Hard Corps Activism : Boston’s City Year program is multi-racial, class inclusive, run like a business and almost as popular around town as the Red Sox. And it’s one of the models for Bill Clinton’s national service plan.

<i> Scott Shuger is a contributing editor of the Washington Monthly. His last article for this magazine was "The Deficit Game." </i>

IMPOSSIBLE--THAT’S WHAT Selvin Chambers thought when he first saw the mess up on the corner of Parker and Tremont streets in the Mission Hill section of Boston, a neighborhood so bleak and dangerous that in 1989, Charles Stewart decided it was the perfect spot to disguise the murder of his wife as a mugging. True, this square city block had once been a community garden, but that was 15 years’ worth of weeds, vines, broken bottles, spent syringes and trash ago. Nobody expected this wasteland to ever be a garden again.

Nobody except City Year, the Boston youth corps Chambers works for. As soon as Chambers and the 10 young people he is supervising make their way to the lot from a nearby transit stop, he organizes them into pairs and assigns them various tasks and tools. Soon the neighborhood reverberates with the sounds of conversation, a couple of boom boxes and hard work.

Parker Street is the first project for the 30-year-old Chambers and his City Year team. Even though this corner isn’t more than a few miles away from the public housing project in Cambridge where Chambers and his six siblings grew up, it’s really worlds away. After attending a small college on a basketball scholarship, Chambers settled into a comfortable counseling job at Fitchburg State College. Comfortable, yes, but boring. After four years of that, he took a $2,600 pay cut to become a team leader at City Year, where, he will tell you flat-out, he’s having “the time of my life.”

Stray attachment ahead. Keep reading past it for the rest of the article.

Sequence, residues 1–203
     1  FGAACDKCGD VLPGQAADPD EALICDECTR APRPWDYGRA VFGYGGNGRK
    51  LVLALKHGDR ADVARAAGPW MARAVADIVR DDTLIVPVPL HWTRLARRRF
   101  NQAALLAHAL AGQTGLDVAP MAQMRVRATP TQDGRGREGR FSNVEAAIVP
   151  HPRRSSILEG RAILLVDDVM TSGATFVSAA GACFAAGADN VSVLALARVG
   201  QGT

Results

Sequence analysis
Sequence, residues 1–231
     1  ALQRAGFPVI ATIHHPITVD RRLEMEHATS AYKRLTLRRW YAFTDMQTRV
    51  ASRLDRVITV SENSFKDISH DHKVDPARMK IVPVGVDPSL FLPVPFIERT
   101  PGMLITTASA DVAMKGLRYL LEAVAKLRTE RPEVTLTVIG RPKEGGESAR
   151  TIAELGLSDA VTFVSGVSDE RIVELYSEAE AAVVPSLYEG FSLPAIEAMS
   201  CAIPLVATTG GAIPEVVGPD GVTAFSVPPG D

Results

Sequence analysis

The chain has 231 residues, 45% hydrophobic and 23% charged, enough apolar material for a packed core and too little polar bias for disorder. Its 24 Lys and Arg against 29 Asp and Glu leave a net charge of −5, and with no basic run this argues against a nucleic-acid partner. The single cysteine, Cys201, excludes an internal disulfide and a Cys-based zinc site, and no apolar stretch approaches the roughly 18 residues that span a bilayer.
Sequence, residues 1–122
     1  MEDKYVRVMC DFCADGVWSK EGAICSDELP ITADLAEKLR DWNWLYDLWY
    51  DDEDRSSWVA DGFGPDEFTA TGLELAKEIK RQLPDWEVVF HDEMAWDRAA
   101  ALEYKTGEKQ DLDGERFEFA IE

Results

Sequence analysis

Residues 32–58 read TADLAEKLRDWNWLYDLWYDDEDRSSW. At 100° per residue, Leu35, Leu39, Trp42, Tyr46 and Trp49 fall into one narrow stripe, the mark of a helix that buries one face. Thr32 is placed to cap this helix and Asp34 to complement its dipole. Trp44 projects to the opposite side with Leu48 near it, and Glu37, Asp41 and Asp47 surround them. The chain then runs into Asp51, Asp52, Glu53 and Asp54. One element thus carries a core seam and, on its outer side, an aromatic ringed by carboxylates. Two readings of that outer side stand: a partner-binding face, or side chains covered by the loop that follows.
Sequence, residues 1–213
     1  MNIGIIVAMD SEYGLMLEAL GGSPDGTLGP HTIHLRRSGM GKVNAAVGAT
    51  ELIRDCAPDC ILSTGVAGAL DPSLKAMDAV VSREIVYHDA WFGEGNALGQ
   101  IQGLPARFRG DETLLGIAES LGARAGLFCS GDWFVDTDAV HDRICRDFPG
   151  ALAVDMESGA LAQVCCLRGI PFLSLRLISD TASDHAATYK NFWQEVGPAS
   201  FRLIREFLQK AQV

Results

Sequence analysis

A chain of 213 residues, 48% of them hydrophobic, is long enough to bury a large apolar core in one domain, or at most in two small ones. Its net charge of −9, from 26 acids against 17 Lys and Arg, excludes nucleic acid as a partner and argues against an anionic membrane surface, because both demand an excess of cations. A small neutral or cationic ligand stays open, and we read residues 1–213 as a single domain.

Now he’s in charge of an unlikely crew of gardeners. Rosesharon Oates, an 18-year-old from the hard-knocks neighborhood of Roxbury, is cutting down and bagging brush with Julian Bennett, a bright 19-year-old college dropout who, by his own admission, has been “slacking off since the fifth grade.” Rachel Newman is the young woman with the wildly orange hair, prying up a half-buried rock with the help of Gervlyne Duplessy, a bubbly Haitian immigrant. And there’s James Locovare, a well-to-do kid from Jay Gatsby’s neck of Long Island, bagging up debris alongside 20-year-old Timothy (Paco) Meserve, who has lived on his own since age 13.


This is a raucous, freewheeling, hard-working group. When a huge pile of rocks is discovered beneath all the debris, everyone has their say, sometimes at the same time and at top volume, about what to do. Eventually the team decides to use the rocks to build a system of walkways through the lot.

It doesn’t take too much watching to realize that the Parker Street gardeners are something often spoken about but too rarely seen in America: an honest-to-God team of blacks, whites, Asians, and Latinos, men and women--rich, poor, and in-between--working together to accomplish something real.